Of the many disparities between Plato and Machiavelli, the distinction of virtue versus virtu sticks out like a sore thumb. Virtue was the political bases for Plato: All men should behave virtuously at all times. Whereas Machiavelli believed virtu was the basis for political prowess. What was best for the state as a whole was the main concern, and the ends always justified the means. Plato’s object was the creation of a utopian society--a civilization that abhorred war and centered itself upon moral virtue and honor. He saw war as evil; and evil was merely the failure of justice. He believed that there should be a standing army to defend the republic but that war for the sole purpose of waging battles was highly unjust. His utopian society was centered on creating society perfect; he sought to answer the probing question: What would it be like if the world was perfect? Virtue was a skill that had to be practiced daily to attain perfection. To be a good ruler in Platonic society one had to aspire to all the virtuous qualities of a perfect soul and aim for utopia. A good ruler acted the same all the time. One without moral virtue was considered unjust. Doing evil to men who were evil was shunned. It was seen as adding to the evil in the world. The way to conquer evil was with honor and virtue. The division of public and private lives did not exist in Platonic society, and ulterior motives were non existent to him.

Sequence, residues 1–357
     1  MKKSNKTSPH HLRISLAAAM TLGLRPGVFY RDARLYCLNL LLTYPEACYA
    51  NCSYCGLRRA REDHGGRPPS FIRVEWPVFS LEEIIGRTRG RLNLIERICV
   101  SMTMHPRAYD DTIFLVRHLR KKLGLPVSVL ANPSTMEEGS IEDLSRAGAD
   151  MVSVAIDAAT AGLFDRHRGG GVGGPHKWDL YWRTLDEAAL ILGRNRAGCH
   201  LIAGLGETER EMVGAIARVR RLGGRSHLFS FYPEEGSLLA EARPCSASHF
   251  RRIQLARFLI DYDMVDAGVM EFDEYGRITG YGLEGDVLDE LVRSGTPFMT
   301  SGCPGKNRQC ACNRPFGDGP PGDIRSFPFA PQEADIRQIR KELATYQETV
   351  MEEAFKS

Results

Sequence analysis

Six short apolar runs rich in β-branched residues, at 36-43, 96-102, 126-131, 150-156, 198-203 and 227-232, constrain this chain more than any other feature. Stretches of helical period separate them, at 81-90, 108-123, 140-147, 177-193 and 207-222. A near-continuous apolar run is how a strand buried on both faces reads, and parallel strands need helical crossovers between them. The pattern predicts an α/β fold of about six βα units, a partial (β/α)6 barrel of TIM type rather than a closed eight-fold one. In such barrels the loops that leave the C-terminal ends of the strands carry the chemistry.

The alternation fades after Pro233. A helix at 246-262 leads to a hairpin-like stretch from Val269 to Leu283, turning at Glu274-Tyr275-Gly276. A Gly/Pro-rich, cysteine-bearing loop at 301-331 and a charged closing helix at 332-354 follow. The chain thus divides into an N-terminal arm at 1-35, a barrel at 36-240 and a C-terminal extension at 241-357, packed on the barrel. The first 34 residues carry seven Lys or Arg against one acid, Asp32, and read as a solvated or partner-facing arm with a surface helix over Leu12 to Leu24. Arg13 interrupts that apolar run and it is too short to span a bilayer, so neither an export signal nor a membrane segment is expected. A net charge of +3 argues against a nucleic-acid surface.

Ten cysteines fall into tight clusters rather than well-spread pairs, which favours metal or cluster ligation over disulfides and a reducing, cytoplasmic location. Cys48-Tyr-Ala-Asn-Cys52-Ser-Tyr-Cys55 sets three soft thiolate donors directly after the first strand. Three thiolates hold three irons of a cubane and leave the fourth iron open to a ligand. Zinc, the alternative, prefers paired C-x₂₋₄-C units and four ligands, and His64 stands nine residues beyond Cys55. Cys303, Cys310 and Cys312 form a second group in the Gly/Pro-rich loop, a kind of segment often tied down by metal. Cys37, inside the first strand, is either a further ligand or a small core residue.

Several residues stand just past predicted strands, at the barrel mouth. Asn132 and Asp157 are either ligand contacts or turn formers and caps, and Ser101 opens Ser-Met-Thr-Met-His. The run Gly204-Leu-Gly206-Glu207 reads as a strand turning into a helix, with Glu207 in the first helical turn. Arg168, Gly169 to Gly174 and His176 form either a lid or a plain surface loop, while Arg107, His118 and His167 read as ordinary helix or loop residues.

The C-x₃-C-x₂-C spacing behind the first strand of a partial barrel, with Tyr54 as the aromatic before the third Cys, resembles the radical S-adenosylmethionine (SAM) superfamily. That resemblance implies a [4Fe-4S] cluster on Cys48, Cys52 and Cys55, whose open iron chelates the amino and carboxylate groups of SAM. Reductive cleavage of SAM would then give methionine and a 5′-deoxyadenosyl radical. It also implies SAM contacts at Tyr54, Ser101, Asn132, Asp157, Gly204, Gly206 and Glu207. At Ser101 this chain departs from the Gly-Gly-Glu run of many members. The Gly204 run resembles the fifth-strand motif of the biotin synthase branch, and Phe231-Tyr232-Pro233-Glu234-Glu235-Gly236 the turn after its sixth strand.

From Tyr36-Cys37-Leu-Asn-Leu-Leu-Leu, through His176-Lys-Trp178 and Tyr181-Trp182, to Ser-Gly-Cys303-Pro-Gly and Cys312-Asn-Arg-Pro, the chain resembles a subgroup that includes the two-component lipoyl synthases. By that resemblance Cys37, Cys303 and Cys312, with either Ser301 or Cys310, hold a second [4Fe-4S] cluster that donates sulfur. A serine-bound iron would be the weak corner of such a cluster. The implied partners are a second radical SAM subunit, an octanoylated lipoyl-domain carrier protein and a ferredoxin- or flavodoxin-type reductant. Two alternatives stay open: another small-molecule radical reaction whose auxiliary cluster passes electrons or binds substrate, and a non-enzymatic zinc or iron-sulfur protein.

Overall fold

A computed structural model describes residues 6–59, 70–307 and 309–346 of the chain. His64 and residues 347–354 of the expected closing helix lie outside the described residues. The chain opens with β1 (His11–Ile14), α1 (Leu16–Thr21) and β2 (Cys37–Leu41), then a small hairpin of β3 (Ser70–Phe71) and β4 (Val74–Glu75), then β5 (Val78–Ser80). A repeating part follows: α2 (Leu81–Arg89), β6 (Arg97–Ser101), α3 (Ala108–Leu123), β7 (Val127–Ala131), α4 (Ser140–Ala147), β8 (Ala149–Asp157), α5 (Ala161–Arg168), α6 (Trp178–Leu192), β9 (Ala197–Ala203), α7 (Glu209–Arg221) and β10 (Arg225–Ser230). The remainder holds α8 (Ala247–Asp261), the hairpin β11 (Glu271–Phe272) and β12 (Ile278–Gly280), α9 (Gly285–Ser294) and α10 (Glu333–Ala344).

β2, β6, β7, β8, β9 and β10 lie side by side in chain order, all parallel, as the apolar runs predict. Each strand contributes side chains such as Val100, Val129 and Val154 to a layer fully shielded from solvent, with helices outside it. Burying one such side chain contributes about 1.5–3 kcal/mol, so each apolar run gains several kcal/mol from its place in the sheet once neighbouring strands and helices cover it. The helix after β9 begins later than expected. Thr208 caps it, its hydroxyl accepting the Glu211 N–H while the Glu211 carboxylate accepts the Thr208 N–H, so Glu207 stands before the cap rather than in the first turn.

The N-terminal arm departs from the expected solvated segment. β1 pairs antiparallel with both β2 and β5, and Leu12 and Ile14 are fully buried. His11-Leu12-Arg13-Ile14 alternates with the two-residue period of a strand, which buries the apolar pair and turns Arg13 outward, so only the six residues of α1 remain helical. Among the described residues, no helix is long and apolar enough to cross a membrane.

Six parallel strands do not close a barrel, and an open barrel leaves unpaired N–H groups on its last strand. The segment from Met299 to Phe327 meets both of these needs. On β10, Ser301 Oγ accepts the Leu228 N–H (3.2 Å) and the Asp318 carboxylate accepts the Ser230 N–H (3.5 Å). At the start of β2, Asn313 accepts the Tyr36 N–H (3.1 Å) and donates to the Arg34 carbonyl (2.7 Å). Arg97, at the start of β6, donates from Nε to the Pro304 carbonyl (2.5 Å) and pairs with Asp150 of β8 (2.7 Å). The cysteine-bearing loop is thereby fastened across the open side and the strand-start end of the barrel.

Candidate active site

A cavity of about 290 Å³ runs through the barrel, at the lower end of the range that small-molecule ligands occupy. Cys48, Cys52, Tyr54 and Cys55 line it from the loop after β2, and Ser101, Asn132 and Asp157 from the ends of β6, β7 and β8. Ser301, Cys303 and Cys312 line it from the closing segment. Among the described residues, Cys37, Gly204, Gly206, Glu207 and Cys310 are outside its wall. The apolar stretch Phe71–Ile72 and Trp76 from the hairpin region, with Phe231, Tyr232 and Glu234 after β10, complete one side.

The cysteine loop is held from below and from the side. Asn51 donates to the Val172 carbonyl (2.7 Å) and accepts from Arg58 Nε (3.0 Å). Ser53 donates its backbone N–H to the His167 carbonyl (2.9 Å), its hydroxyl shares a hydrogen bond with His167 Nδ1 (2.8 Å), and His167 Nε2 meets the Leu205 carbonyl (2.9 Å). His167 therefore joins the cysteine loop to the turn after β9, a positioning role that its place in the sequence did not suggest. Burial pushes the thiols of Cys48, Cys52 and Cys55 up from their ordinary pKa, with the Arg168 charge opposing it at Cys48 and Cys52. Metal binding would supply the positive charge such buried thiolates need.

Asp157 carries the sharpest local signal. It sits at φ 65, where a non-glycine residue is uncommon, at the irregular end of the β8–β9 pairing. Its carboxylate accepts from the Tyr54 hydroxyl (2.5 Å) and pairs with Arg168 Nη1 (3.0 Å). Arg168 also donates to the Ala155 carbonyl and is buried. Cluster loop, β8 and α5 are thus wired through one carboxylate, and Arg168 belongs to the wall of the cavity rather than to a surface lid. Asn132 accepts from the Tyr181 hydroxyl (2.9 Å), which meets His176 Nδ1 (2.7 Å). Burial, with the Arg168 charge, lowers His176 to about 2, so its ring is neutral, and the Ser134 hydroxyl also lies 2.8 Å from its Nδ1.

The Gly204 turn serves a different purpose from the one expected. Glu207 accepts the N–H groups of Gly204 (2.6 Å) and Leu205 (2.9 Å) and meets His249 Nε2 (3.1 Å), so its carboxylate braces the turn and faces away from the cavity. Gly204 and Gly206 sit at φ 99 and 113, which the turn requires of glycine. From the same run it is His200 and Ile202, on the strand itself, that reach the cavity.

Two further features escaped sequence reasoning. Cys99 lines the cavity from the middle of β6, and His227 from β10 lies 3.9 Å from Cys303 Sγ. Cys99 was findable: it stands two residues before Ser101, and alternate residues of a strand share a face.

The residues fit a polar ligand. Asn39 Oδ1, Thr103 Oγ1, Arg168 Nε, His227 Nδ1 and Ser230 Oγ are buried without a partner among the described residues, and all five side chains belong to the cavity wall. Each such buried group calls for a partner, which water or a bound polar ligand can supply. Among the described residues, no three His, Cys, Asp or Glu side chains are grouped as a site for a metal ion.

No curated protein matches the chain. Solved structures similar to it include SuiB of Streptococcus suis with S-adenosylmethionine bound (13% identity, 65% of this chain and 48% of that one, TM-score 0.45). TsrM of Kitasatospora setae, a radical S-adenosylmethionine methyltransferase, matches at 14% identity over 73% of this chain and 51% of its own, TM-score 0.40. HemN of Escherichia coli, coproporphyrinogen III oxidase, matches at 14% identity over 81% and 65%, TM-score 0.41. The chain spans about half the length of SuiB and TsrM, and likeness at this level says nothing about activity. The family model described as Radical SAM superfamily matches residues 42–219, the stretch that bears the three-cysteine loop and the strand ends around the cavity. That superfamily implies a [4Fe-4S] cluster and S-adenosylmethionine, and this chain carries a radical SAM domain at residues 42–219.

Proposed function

Machiavelli, on the other hand, wrote the Prince as a guide book for rulers on how to maintain powerful and successful states. His stark realist ideas were centered on war, not on the utopian state that Plato spoke of so often. Machiavelli stressed that war was the key to maintaining a polity. “The first way to lose your state is to neglect the art of war; the first way to win your state is to be skilled at the art of war.” (The Prince, 62) A good prince was to take charge in solving any possible problems, so having a powerful and skillful standing...
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